Sidney Crosby

Bylsma on Crosby’s playing time: “Shooting for around the 15-minute mark”


Dan Bylsma is ready to proceed with Sidney Crosby’s comeback, but he’s going to proceed with caution.

That was the message Thursday as the Penguins head coach explained how he’ll handle the allotment of No. 87’s ice time.

Watch Penguins-Rangers on Thursday on NBCSN (7:30 p.m ET)

“I think this time, shooting for around the 15-minute mark in the game is more likely,” Bylsma told the Pittsburgh Tribune-Review. “Given the fact we’re playing three [games] in four [nights] and getting him back in the lineup again for the first time in a while.”

Crosby’s ice-time — or, how to manage it — was an issue during his initial comeback. While Crosby was limited to just 15:54 in his first game against the Islanders, he quickly regained his usual heavy workload, culminating with a season-high 21:03 of ice time against the Bruins on Dec. 5.

That, of course, was the last game he played.

To his credit, Bylsma has developed a pretty clever plan to limit Crosby’s minutes this time around — he’ll skate No. 87 on the third line with Tyler Kennedy and Matt Cooke, who average 14:43 and 15:43 respectively.

Here’s Bylsma’s full explanation (from the Penguins website):

If there was another combination or if it was [Chris Kunitz and Pascal Dupuis], it would be a lot tougher to keep him at 15 minutes. Last time, when he hopped back in there, he was right back with 14 and 9 and he was right at 19, 20, 21 minutes right in his first couple of games.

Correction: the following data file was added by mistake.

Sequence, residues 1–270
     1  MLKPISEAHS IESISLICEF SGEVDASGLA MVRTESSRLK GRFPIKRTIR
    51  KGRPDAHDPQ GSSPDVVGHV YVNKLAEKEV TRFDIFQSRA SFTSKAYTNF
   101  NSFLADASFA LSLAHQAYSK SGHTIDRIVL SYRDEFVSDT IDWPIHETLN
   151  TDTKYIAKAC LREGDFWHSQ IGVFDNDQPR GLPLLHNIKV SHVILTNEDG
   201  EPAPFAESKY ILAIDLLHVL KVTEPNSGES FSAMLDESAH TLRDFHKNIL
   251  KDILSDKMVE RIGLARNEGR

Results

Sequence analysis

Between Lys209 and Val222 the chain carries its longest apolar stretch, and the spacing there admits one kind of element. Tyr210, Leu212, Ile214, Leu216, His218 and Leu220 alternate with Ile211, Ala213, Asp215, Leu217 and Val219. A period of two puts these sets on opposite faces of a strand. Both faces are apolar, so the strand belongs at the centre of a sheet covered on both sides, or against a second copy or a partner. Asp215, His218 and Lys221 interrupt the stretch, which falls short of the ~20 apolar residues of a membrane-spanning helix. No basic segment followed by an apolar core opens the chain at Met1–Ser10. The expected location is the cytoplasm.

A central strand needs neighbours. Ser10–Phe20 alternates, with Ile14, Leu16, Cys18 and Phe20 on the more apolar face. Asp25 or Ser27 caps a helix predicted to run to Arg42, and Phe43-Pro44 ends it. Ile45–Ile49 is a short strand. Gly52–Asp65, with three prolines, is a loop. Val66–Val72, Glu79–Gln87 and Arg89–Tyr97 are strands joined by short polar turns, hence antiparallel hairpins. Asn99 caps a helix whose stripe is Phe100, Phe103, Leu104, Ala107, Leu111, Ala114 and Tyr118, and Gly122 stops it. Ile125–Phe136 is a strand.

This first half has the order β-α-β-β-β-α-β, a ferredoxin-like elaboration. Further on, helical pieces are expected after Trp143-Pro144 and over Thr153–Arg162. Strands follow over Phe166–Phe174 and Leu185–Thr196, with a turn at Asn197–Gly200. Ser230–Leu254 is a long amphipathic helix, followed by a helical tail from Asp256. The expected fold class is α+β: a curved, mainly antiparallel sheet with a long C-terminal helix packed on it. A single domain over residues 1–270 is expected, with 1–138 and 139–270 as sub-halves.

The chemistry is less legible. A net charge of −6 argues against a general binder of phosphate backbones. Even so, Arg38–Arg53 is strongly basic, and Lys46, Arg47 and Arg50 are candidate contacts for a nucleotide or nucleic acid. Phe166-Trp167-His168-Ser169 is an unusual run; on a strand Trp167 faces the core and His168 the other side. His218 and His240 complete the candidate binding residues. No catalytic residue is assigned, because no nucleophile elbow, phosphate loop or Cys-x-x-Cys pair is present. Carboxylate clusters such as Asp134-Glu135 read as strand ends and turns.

Again, wanting to get him back in the mix, but also a little bit more – well, you don’t pace Sidney Crosby – but keeping his minutes a little bit closer to 15 is what we’re looking at. That’s one of the reasons for putting him with 24 and 48.

I’ve always told him he could be a Selke winner. He’s going to have his chance here with Cooke and Kennedy.

In a related story, I enjoy how Bylsma constantly refers to his players by number. Wonder if he does that away from the rink? “Hey 71, I think 45 fell asleep at the back of the plane. Go get 29 to wake him up.”

Patrick Kane’s streak hits 19 games, setting a new American record

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When it comes to point streaks for U.S.-born NHL players, Patrick Kane now stands alone.

With a power-play goal early in Saturday’s Blackhawks – Kings game, Kane extended his streak to 19 games, breaking a tie with Phil Kessel and Eddie Olczyk (who finished with at least a point in 18 straight).

As of this writing, Kane has 11 goals and 19 assists during this 19-game streak. He also leads the NHL in scoring.

Bobby Hull’s 21-game point streak stands as the Chicago Blackhawks’ overall team record, by the way.

So, how would you protect a lead against the Stars?


You know what they say: it’s easy to bash a strategy in hindsight.

Slam that NFL head coach for going for it on fourth down … or settling for the field goal. Bury that MLB manager because he kept a pitcher in too long. And so on.